Small Business and the Minimum Wage Increase
Across the country, labor groups are pushing to raise minimum wages to $15 per hour. These changes would affect the most low-paid workers in the economy.
Many careful economic studies have found that increasing the minimum wage does not significantly harm employment rates. However, there are some concerns. Among them are:
Increased Wage Amounts
Many economists believe that raising the minimum wage increases the costs of doing business and therefore forces businesses to cut jobs. However, the evidence indicates that this effect is much smaller than commonly believed.
In addition, there are workers who earn wages below the minimum wage that could benefit from a increase in the minimum wage. In a state like New York, for example, a full-time worker earning the current minimum wage would have enough money to pay for about 7 months of groceries and 5 months of rent if the minimum wage were raised to $15.
Many employers also have concerns that a minimum wage increase will cause prices to rise and thus slow consumer spending and economic growth. However, evidence suggests that this is unlikely to happen. Indeed, a recent Upjohn Institute working paper examining price effects of minimum wage increases finds that there is no evidence of significant pass-through to prices. The reason is that most consumers spend a substantial portion of their income on food away from home, which is not affected by the minimum wage.
The increase will have an impact on tipped workers, such as servers and bartenders, but also valets, gaming dealers, porters/bellhops, and other tipped employees. These jobs usually pay less than the regular minimum wage, because employers can count on tips to cover their wages.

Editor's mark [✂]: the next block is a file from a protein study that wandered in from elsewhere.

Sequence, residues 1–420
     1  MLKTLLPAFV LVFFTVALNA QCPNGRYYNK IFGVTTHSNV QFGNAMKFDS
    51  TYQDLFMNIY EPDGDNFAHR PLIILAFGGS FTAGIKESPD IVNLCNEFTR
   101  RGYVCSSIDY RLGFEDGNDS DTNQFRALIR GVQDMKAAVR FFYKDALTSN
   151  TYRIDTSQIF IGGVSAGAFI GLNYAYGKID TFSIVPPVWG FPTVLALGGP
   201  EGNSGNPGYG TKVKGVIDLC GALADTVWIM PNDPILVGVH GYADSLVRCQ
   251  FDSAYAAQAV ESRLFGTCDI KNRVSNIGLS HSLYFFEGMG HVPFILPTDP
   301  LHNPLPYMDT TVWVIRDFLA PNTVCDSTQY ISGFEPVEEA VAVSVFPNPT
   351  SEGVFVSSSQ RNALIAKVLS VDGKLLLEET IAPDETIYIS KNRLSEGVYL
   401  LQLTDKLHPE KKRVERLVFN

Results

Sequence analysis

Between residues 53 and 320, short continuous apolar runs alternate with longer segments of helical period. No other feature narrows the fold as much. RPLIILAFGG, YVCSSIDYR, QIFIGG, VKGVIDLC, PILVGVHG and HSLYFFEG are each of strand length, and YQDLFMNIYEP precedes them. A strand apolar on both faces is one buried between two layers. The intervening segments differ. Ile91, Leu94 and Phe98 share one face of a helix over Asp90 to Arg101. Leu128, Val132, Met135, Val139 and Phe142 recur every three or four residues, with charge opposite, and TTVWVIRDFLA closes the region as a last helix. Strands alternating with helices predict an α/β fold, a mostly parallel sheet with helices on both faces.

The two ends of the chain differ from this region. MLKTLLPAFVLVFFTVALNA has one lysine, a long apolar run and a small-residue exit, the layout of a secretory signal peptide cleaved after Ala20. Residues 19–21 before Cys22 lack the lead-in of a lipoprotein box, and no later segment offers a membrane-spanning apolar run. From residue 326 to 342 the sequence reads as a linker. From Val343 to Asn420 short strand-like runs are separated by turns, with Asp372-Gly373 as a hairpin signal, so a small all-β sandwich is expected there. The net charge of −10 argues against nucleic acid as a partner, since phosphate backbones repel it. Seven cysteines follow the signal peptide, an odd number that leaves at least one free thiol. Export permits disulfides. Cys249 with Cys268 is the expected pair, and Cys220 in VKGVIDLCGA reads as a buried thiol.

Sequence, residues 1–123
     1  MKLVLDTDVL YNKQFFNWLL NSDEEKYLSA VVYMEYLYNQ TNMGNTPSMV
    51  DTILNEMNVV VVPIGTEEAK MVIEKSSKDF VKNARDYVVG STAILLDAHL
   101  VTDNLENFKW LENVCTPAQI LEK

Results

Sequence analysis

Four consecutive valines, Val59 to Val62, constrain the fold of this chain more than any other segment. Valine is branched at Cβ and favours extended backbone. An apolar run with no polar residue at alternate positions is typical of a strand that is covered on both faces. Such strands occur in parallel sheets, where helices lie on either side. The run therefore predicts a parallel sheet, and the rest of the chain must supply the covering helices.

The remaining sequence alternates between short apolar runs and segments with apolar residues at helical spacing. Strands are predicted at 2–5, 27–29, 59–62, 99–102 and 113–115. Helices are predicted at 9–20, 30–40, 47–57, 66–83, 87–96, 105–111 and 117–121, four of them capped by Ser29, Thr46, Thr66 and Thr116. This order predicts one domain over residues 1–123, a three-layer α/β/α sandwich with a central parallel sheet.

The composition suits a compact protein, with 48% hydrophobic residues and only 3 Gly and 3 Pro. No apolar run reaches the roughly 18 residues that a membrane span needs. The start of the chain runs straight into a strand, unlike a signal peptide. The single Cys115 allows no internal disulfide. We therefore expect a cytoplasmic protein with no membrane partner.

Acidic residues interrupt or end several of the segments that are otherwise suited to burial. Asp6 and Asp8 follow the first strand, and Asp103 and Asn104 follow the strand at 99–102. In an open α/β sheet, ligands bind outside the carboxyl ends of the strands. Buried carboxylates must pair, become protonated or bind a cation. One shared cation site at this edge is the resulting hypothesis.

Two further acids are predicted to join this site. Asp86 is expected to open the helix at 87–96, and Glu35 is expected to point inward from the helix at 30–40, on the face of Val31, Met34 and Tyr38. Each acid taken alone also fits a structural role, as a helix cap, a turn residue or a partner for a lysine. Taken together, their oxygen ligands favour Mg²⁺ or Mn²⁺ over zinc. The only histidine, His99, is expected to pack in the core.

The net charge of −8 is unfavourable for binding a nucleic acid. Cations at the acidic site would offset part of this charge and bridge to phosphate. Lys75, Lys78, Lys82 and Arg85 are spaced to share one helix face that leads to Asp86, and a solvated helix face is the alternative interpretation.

In some cases, these tipped workers will be able to continue working, since they already earn enough tips to meet the new minimum wage (or more). But others may not be able to find another job that pays as well and will have to stop work.
Advocates of minimum wage increases often overlook tipped worker issues, but studies such as Allegretto’s show that raising the tipped wage to the same level as the regular minimum would not harm restaurant employment and might even boost it in places with no subminimum wage. This is an idea that deserves more serious consideration. In fact, it’s one that the Raise the Wage Act takes up on.
Employers with nonexempt hourly employees will need to ensure that they are paying their workers at least the new minimum wage. Those with exempt “administrative” and “executive” employees may need to evaluate whether those employees’ salaries are falling below the newly increased threshold and consider either bumping their salaries or reclassifying them as nonexempt and overtime-eligible.
Finally, employers should be aware that many states have separate salary thresholds for exempt white-collar employees that do not always align with the federal Fair Labor Standards Act’s exemption criteria. In Oregon, for example, the state’s exempt employee salary threshold will rise to exceed the federal threshold for 2021, but it is expected to return to a level below the federal standard following the election cycle.
Employers can contact any of the authors of this alert or their regular Venable attorney with questions about compliance with these changes. We are also happy to assist with review of compensation levels, pay practices, and exempt status to ensure compliance.
Many states exclude very small businesses and certain occupational categories from minimum wage increases. These exclusions can increase the cost of compliance for employers that are subject to these rules. It is important for small business owners to carefully consider their operations and determine if there are ways they can cut costs in advance of an anticipated labor increase. Examples of these types of expenses to look at include energy consumption, excess inventory and service contracts.
A higher minimum wage has been estimated to lift a significant number of workers out of poverty. This, in turn, has been projected to reduce the need for government assistance programs and boost local economies.
However, a major concern has been the impact on employment rates. While the unemployment situation has improved since its peak during the COVID-19 pandemic, Black and Hispanic communities continue to be disproportionately affected by job loss. A large minimum wage increase could price these workers out of the labor market, leading to additional layoffs or job cuts.